November 3, 2011
Is your theory that if one universe can be generated from simple algorithms, all universes can and have been? Or would be?
The only thing we can meaningfully talk about in science, as far as empirical science is concerned, is our actual universe: there’s only one. Anything else we say about it is a purely theoretical thing. Now, the question would be—we might then say, gosh, what must be happening is that somewhere out there, not in any way that we can ever be aware of, but somewhere out there every possible universe must be going on. That might be a possible theory. It’s not a testable theory. There’s no way we could test that theory because we’re stuck in our universe. And if that theory was correct, then the overwhelming likelihood is that the rules for our universe are very, very complicated, because if there are gazillions of universes out there and we’re just in a random universe, the randomly chosen universe will be one with very complicated rules. It’s like, each universe could be labeled by an integer. Well, there are an infinite number of integers. If we’re a random integer, it’s going to be a big integer. It’s not going to be ‘8’ or something. There’s no reason for it to be 8 if it’s just randomly chosen.
Now, I have a sneaking suspicion that when we really understand what’s going on, that—typically, in the history of science, those kinds of metaphysical questions have crumbled because they weren’t quite the right question, or things worked in a way that sort of worked around the question rather than having to centrally ask the question. My sneaking suspicion is that what we’ll discover is that any one of a large collection of possible rules for the universe is equivalent in generating our universe. I don’t know if I’m correct. That’s just a guess. Something bizarre like that will happen, I suspect, to make that question of “Why this universe and not another?” not really be a meaningful question. It’s a situation that’s like—in a lot of cases in the history of science, people figure out a lot about how stuff works and then they say, “Well, why was it set up this way and not another?” And Newton was famous for saying, “Once the planets are originally set up, then [his] laws of motion can figure out what can happen. But how the planets were originally set up, well, that’s not a question we can answer in science”. Now, 300 years later, we know a lot about how the planets were originally set up.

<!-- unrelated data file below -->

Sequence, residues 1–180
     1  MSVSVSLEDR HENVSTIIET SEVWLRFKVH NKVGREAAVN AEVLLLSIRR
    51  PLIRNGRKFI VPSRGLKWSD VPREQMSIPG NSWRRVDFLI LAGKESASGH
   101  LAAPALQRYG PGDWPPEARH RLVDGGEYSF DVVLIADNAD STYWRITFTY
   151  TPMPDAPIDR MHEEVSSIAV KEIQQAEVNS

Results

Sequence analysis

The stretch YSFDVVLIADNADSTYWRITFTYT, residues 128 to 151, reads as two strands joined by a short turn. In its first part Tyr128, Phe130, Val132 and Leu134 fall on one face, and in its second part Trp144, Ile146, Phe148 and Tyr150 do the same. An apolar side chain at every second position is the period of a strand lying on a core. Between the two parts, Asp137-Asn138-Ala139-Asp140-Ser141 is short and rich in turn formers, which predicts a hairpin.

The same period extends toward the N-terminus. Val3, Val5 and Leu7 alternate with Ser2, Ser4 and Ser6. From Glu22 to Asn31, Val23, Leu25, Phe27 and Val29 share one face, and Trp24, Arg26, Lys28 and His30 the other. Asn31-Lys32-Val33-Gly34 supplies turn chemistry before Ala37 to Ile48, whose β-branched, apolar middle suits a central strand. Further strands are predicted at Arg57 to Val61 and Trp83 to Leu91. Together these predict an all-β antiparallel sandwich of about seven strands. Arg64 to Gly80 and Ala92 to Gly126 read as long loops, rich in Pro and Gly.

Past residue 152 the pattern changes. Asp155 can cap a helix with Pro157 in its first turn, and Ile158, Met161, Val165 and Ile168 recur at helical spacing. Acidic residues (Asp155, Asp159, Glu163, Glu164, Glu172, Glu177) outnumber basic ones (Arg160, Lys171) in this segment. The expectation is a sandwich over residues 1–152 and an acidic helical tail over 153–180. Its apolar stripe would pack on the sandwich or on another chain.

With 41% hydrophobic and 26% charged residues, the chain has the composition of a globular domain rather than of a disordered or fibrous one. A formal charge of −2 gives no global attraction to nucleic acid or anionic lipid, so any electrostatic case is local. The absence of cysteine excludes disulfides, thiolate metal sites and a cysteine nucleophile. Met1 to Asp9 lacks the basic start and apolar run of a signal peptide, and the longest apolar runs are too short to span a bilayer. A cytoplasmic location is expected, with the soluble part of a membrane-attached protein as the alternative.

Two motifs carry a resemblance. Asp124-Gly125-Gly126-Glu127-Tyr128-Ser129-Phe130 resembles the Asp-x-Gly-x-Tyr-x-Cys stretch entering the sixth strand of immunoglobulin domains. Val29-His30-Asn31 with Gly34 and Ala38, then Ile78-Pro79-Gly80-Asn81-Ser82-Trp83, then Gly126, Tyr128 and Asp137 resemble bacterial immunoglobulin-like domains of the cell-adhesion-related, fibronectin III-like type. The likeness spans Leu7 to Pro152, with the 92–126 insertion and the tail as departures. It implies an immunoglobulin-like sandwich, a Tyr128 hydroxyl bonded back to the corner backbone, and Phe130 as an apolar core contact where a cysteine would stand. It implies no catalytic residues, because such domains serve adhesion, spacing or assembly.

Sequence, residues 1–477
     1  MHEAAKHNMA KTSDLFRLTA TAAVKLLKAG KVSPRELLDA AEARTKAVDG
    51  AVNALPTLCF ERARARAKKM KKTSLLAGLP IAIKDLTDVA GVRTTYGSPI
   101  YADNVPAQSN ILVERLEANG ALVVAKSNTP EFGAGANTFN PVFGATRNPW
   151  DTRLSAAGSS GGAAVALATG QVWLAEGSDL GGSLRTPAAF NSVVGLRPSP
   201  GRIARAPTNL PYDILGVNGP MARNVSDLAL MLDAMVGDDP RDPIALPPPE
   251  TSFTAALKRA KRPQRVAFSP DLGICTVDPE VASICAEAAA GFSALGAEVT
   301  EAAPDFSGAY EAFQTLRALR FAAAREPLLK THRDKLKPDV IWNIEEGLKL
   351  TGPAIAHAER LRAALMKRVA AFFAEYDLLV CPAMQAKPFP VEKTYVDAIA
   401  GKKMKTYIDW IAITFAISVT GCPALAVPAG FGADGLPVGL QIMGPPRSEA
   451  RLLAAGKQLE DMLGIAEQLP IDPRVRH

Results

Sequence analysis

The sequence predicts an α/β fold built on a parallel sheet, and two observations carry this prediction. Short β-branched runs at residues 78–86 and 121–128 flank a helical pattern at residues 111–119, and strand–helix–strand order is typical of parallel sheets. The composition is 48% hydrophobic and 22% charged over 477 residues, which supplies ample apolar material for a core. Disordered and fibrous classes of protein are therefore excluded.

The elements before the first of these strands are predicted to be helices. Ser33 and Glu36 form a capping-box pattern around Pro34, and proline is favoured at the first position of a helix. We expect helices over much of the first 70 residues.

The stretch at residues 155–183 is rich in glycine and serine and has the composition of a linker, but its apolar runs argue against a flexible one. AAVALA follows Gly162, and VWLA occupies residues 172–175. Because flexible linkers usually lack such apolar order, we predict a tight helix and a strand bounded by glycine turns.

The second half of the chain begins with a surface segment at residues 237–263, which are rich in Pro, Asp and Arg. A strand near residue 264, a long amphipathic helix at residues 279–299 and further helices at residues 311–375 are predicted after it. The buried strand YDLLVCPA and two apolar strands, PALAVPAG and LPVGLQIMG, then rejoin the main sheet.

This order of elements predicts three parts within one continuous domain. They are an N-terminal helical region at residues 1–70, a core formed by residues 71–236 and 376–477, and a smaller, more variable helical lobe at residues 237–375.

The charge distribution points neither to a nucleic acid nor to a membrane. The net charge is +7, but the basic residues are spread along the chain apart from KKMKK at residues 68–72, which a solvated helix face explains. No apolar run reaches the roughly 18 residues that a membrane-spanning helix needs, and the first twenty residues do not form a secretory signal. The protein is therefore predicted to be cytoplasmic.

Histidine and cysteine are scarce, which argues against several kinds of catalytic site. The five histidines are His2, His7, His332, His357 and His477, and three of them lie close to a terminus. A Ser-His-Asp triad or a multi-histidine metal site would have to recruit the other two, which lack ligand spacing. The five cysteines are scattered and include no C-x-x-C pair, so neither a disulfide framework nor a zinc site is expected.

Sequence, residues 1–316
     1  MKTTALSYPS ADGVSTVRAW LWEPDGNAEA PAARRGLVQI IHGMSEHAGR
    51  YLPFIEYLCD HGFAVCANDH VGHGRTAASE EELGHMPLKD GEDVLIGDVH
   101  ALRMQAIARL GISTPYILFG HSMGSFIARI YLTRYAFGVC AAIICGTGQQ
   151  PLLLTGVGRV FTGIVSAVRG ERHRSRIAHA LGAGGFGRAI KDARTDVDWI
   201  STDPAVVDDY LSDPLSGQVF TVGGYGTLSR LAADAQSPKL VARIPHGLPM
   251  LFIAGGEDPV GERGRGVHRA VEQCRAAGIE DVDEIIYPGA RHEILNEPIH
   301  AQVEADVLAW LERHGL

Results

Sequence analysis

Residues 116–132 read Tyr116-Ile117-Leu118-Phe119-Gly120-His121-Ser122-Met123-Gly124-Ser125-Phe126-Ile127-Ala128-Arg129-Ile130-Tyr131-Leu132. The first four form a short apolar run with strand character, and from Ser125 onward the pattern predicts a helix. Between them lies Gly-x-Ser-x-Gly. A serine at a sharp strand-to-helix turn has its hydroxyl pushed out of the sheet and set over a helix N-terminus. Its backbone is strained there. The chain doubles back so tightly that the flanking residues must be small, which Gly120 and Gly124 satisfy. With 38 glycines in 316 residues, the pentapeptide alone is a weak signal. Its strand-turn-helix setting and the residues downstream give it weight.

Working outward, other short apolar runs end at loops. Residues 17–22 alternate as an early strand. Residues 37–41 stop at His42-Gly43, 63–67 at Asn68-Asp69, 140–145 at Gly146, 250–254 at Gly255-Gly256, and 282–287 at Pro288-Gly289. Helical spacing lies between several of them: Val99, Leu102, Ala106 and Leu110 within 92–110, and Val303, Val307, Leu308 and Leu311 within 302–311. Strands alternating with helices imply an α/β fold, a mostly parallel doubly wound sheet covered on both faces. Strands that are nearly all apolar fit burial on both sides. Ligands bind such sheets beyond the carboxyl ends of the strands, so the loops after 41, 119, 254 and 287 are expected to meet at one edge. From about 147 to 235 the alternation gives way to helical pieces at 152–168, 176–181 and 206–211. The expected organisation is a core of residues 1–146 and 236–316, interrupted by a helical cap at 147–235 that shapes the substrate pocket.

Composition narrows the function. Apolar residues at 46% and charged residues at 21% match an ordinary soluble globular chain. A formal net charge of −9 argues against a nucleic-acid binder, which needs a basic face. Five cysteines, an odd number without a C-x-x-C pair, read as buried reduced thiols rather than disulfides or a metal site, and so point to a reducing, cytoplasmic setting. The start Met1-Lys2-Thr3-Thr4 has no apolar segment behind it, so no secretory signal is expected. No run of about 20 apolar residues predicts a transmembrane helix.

One of the nicer things I always like about philosophers at that time, like Locke and people like that, would say: the fact that the number of planets is nine, eight, whatever it was in their day—that number is not a necessary truth about our universe. That number is somehow an arbitrary number. That was what they thought. They didn’t think that number—just like I’m saying if our universe turns out to be universe number 1,005 or something, that that’s just an arbitrary number. In their day, they couldn’t imagine that you could compute the number would be seven or something. Now, in our day we know that if we have a star about the size of the sun and you have a solar system and it’s about the age of our solar system, we know roughly how many planets there will be typically in such a thing. We can compute it. But in their day, that was an inconceivable idea, to be able to compute that. And I think that—I think we’re at too early a stage. It feels a bit wrong to say, gosh, our universe must be one of the simple ones, so let’s go out and search for it—because it seems like a sort of anti-Copernican kind of claim. It seems like a very arrogant claim about us and our universe. Why should we be one of the simple ones, not one of the ones that’s incredibly complicated? My guess is, that question will resolve itself in some way that isn’t quite centrally that question, but I don’t yet know what that is.